Black English Essay example

739 Words Apr 22nd, 2006 3 Pages
"Black English" Another Way to Classify Humans

"To open your mouth … You have confessed your parents, your youth, your school, your salary, your self-esteem, and alas, your future ". After reading the two essays, "From Outside, In" by Barbara Mellix and "If Black English Isn't a Language Then Tell Me, What Is?" by James Balwin, I came to realize a few things one of them being that the way we speak, is a means of identifying somebody's culture and background. Much in how a license can tell a person your name, age, were you live etc. a person can tell your race, what kind of education you have and were you are going in life just by hearing you talk.

When slavery began, a time in human history that I assume many people would rather
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She would never make me feel "shame" or any less because I was being myself. It must have been hard on Mellix to be told that your language and the language of your forefathers was not "proper" by you own mother.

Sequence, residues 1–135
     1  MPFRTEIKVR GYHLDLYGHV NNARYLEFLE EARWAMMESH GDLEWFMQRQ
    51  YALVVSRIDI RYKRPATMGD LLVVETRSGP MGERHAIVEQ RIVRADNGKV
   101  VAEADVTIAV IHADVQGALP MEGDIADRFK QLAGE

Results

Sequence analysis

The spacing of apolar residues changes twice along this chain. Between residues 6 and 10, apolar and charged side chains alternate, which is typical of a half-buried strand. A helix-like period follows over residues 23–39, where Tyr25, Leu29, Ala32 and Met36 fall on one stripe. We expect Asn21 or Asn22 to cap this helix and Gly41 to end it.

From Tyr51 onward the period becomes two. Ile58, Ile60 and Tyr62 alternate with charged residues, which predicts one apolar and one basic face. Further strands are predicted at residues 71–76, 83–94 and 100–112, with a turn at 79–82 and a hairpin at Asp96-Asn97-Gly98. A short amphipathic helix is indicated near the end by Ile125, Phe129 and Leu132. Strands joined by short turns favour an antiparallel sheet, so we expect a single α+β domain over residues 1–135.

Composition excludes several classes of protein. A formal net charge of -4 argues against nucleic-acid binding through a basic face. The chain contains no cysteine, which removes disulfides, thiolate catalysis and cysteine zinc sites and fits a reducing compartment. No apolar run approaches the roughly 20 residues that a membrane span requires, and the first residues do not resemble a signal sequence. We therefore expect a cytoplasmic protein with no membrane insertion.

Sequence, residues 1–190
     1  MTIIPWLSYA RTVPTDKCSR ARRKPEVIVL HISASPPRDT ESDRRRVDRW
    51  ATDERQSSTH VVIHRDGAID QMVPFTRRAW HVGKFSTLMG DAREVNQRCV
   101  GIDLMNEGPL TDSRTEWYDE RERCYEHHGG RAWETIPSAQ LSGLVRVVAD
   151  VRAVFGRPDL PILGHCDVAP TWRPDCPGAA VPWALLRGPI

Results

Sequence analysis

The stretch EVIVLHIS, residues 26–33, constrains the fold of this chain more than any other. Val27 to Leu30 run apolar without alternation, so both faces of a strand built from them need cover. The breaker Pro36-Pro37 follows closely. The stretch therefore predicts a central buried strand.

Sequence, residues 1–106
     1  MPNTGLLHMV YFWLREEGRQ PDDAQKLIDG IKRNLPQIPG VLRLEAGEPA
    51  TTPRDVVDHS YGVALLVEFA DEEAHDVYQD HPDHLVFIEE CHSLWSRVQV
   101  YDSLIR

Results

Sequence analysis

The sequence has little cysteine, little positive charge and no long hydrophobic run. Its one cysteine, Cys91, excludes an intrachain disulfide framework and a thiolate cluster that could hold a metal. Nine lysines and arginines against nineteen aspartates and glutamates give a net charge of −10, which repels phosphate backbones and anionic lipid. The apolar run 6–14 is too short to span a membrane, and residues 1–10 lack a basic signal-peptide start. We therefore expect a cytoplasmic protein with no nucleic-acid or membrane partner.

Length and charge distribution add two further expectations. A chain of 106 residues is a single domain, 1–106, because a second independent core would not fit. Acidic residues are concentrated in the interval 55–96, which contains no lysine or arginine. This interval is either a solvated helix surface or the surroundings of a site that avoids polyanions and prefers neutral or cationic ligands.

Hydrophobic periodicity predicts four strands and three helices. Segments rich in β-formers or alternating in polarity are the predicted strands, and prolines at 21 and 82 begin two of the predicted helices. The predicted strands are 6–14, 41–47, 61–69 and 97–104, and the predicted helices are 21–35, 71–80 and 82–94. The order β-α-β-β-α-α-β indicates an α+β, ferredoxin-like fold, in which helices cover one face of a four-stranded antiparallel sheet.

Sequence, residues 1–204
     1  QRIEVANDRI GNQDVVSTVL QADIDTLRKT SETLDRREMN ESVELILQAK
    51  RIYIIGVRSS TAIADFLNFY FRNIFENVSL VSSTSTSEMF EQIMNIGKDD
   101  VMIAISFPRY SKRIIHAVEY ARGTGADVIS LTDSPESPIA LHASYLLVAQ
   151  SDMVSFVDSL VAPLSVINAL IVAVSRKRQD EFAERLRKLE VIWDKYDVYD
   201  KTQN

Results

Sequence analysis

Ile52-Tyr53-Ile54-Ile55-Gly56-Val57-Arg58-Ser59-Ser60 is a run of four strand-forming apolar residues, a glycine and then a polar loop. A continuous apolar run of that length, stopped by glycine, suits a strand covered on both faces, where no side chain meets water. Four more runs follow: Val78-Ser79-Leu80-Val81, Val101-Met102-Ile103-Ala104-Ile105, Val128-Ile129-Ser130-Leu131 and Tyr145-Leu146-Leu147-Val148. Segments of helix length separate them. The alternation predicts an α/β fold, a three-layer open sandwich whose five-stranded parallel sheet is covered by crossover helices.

I believe that learning a language is fine for the right reasons. Expanding your knowledge or going to a different country, these are both legitimate reasons to learn a language. Learning a language because you will be ridiculed is not a proper reason. As Fanon stated in Mellix's essay to speak is, "…above all to assume a culture, to support the weight of a civilization2". So what Fanon suggest is that when you take on a language it is to become part of the culture almost to change your identity, and I agree with that. I find when I meet somebody who can speak multiple languages I look at them with more respect than I would if they only spoke one. Not to say I would look down on a person who only speaks one language, I just find it admirable for somebody who would take the time to learn a new language.

Throughout this essay you may have noticed quotations around the terms "black English" and "standard English". This is because I find it ridiculous to split English into two categories. When an Australian speaks and we find it hard to understand them we don't call it "aussie English", or when a person from England comes and we find their English hard to understand we don't call there language "brit English". You see…